The Great Blackberry Caper

Homemade Blackberry Jam (and other recipes)

We’ve been mercifully distracted from preparations for the start of school, and have spent all our free time over the last few days foraging in hedgerows.  The unusual combination (for England, anyway) of endless sunshine interrupted by intense downpours of rain has ensured that nature is putting on a glorious show as the seasons turn; blackberries are everywhere you look; acorns are likely to fall from the sky and render a nasty ding to your forehead should you be foolish enough to stand still, and the air is perfumed with cider as a million windfall apples quietly ferment in the grass. (Do I sound a little tipsy and effusive?  Blame it on the apples..).

blackberry picking

Harry has proven to be a stoic and unflappable blackberry-picker; whilst I bumble along, shrieking and tossing my pail in the air with fright every time a bug walks over my hand, Harry tuts gently and gathers our fallen harvest before starting over again.  We returned home a little sweaty and scratched up, but with enough blackberries to fill several baskets and make for a weekend of berry-tastic cooking.  We started with our favourite… JAM!!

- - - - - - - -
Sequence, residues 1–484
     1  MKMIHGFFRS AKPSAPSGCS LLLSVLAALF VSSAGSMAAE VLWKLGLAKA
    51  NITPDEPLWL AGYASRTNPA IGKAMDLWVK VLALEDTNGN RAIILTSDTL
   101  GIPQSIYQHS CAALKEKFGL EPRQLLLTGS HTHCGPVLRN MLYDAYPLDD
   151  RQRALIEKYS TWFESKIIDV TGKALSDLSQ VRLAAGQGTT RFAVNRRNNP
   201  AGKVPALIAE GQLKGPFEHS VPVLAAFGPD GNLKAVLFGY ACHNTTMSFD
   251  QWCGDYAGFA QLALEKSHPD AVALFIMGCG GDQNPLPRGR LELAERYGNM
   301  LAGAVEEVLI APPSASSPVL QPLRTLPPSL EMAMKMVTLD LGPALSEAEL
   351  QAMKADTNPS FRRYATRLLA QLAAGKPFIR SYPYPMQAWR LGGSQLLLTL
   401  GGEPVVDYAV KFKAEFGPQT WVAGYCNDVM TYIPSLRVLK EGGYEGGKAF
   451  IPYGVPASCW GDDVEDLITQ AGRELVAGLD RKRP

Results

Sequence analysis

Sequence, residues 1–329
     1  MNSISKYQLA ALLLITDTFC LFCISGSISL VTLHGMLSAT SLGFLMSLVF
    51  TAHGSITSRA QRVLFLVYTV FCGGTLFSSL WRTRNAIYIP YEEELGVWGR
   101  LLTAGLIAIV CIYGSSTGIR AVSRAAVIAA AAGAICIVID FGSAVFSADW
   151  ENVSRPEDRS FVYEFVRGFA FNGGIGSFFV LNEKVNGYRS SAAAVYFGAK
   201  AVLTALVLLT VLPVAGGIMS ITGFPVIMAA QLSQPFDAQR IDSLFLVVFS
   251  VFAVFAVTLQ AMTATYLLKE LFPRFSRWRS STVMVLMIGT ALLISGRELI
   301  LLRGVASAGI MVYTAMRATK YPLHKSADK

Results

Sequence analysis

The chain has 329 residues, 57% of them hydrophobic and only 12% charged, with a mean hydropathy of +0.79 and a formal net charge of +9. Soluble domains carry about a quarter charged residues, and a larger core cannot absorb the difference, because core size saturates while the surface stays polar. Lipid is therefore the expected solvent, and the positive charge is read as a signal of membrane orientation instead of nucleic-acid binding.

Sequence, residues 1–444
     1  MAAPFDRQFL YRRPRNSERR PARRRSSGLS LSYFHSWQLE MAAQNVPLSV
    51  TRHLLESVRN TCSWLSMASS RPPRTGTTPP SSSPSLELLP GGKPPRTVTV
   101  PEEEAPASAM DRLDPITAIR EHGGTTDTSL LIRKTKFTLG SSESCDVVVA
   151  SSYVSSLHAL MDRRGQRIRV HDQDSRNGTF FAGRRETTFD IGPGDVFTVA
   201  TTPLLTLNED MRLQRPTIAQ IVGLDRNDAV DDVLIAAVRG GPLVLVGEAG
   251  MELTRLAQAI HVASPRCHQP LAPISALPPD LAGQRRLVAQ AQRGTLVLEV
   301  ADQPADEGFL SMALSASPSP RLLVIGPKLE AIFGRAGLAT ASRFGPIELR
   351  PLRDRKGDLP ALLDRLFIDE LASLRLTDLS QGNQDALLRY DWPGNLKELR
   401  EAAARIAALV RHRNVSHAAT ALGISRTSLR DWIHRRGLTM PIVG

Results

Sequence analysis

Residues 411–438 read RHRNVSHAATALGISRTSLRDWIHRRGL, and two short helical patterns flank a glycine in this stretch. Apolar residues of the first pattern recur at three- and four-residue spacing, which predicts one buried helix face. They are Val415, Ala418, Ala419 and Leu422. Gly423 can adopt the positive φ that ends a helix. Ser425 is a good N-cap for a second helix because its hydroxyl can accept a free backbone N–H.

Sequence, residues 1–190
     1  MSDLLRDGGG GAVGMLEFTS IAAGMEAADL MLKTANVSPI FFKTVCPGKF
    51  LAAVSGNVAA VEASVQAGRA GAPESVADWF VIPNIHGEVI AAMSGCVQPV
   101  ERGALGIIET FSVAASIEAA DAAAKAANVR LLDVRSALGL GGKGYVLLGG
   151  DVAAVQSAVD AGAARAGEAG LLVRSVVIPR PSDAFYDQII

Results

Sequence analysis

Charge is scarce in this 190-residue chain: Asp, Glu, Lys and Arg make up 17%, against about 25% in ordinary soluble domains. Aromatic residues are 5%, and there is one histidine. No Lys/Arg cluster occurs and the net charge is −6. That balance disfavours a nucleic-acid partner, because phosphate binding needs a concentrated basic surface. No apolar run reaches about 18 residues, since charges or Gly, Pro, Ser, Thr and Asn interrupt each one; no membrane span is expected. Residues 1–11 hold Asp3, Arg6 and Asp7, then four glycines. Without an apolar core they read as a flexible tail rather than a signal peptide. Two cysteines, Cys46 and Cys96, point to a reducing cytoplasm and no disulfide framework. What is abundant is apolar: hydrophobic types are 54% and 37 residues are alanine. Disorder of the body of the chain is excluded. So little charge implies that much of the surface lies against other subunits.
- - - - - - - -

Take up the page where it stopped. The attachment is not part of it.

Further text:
blackberry jam recipe from katescreativespace

I’ve found through trial and error that presentation is everything when it comes to homemade jam, and minimises the chance of recipients gingerly clutching their gift whilst stealthily examining the jar for mould, unconventional ingredients or smeary fingerprints. I made berry coloured labels for ours and then cut disks to cover the lids from a print-out of the photo above (at least there’s no doubt about the contents..).  Sparkly thread covered the rubber band and completed the look.

decorating jam pots

with approximately a bathtub’s worth of berries leftover we decided to invent a new recipe; blackberry crumble bars, which combine sponge cake, blackberries, jam and crumble, and thus contain all the main food groups.  All the ones we’re interested in anyway..

blackberry crumble bars

blackberry bars recipe